9 0 A Project Manager has a series of meetings with sub-teams once each week. She always has slides prepared for each meeting, takes diligent notes, and expects her team leaders to have slides done, too, so that they can communicate status and identify new actions that arise from the individual contributors on each of the sub-teams. Monthly, the PM summarizes these issues in a presentation for her management. 0 Wheres the value? 0 Overprocessing occurs when additional work is performed beyond that which is necessary to produce the products specified by the customer. Any situation where there are extra steps added to a process that dont add any additional value generates Overprocessing waste.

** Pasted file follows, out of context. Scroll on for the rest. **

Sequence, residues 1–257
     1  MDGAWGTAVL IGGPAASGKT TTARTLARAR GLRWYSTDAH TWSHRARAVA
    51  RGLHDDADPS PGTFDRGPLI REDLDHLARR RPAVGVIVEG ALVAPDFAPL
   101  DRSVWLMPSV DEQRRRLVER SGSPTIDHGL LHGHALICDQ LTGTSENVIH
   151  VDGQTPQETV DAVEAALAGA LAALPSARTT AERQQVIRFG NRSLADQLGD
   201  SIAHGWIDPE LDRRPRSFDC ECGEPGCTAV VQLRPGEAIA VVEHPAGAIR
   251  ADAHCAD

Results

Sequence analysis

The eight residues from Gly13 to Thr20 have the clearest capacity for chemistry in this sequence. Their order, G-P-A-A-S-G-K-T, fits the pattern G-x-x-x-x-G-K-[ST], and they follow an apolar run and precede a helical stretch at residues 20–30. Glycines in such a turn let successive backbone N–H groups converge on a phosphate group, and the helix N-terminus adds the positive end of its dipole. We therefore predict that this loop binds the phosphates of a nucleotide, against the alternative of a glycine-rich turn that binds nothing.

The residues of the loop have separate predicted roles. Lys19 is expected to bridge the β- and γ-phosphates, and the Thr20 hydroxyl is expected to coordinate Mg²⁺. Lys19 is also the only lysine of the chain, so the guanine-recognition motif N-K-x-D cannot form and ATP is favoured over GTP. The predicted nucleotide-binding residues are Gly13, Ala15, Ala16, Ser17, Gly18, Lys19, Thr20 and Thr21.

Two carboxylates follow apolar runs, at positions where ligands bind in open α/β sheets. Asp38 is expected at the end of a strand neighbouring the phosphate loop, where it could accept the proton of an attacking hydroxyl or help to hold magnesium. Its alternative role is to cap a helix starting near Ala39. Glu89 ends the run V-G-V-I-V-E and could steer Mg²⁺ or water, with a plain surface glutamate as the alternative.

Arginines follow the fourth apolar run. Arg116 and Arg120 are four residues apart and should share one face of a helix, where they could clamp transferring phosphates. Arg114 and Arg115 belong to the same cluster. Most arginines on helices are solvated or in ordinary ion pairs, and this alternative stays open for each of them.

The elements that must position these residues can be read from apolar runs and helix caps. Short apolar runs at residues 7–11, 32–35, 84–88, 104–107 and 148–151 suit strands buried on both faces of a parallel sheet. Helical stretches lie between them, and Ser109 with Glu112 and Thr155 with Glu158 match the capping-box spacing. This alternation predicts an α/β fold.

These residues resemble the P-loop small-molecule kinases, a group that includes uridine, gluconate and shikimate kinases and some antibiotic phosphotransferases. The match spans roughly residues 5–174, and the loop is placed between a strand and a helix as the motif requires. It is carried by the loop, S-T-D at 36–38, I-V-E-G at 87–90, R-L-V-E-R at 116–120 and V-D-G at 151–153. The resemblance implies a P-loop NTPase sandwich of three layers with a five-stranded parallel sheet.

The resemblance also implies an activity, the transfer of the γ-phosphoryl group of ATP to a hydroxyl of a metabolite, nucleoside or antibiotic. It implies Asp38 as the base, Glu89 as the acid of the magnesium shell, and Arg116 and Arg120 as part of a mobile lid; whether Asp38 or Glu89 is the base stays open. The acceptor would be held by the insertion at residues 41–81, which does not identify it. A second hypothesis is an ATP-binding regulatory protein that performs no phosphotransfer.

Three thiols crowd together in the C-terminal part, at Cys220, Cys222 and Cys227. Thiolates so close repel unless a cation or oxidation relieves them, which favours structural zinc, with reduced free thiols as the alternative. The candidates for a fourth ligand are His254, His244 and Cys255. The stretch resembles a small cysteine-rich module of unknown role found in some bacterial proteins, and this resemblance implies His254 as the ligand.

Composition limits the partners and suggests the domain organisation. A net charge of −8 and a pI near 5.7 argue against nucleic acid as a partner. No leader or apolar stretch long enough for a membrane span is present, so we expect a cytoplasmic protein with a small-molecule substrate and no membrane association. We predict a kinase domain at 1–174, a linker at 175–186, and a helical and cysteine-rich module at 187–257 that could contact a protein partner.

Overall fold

10 0 A project manager has the opportunity to start several tasks early, however, he is forced to wait for his counterparts team to complete several preceding activities. Due to the waterfall development schedule, he is caught in a push system where he must wait for information to be passed to him, when the counterpart is able to provide it. The inability to pull information from his supplier when required means he must put his team on standby until the necessary inputs arrive. 0 Wheres the value? 0 If a manufacturing cell is dependent upon the machine shop to complete fabrication of parts, and those parts are late, the cell is sitting, idle, waiting for the input it needs to do its work. 0 In the project environment, the exact same thing often occurs when the predecessor activity does not finish, and the dependent activity is delayed. This leaves the resources assigned to the dependent activity stuck in the mud.